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An option—a right that operates as a continuing proposal—given in exchange for consideration—something of value—permitting its holder to sell a particular stock or commodity at a fixed price for a stated quantity and within a limited time period.

A put is purchased for a fee paid to the person who agrees to accept the stock or goods if they are offered. The purchaser of this right to sell expects the price of the stock or commodity to decrease so that he can deliver the stock or commodity at a profit. If the price rises, the option need not be exercised. The reverse transaction is a call.

West's Encyclopedia of American Law, edition 2. Copyright 2008 The Gale Group, Inc. All rights reserved.

TO PUT, pleading. To select, to demand; as, the said C D puts himself upon the country; that is, he selects the trial by jury, as the mode of settling the matter in dispute, and does not rely upon an issue in law. Gould, Pl. c. 6. part 1, Sec. 19.

A Law Dictionary, Adapted to the Constitution and Laws of the United States. By John Bouvier. Published 1856.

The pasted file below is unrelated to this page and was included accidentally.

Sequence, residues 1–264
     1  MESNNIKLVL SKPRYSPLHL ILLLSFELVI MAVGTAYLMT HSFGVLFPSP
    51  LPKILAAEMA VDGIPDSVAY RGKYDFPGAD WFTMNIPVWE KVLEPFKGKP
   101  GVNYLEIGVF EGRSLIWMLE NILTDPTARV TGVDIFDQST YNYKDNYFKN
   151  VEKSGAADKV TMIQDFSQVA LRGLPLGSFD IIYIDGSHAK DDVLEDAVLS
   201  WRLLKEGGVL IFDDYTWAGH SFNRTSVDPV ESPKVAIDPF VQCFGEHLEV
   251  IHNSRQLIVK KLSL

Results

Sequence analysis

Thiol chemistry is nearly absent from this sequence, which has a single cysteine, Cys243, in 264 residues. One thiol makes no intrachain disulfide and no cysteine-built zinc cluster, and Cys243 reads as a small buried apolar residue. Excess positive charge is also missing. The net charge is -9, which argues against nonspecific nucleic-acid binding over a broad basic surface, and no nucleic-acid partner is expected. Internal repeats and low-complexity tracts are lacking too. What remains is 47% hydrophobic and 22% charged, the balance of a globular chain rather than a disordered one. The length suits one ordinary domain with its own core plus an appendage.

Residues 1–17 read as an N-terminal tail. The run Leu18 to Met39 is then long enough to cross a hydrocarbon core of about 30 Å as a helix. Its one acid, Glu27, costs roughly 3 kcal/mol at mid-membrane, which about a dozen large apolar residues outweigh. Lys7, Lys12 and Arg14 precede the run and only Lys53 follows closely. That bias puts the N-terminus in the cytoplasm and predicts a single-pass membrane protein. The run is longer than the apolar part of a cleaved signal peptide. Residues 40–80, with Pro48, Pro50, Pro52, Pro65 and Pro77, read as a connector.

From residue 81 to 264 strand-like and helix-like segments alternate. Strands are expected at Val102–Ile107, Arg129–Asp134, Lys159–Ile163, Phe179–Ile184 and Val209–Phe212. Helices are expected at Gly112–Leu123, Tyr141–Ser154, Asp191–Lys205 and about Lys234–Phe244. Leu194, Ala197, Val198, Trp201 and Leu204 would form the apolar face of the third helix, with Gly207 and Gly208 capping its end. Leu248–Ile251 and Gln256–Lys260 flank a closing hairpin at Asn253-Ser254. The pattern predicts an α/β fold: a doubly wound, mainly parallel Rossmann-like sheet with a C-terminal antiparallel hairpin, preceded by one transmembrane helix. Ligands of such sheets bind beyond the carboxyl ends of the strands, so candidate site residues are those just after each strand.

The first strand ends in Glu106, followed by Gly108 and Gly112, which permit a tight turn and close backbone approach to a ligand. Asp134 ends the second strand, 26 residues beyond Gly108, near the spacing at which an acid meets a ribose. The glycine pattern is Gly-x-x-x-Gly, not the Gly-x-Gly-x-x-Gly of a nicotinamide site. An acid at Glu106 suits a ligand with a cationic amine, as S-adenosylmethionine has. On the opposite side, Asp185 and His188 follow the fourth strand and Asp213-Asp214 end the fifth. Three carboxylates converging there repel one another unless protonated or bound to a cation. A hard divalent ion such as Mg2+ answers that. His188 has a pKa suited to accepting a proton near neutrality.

References in periodicals archive ?
He travelled to the furlong-marker as though he was going to win but on the loose ground he didn't know where to put his feet.
She was so terrified she didn't Know where to put herself.
She said: "I had the attitude and the body but I was blonde so they didn't know where to put me.
I didn't know where to put my hands, they were both starkers.
"It was a funny occasion and he had a big rant about Margaret Thatcher, I didn't know where to put my face.
So why has John Milton gone down in history as a miserable so-and-so who didn't know where to put a full stop?
For the longest, I really didn't know where to put Mitch on this list.
Looked a tasty dish at the start, but suffered when the heat was turned up and didn't know where to put his hands by the end.

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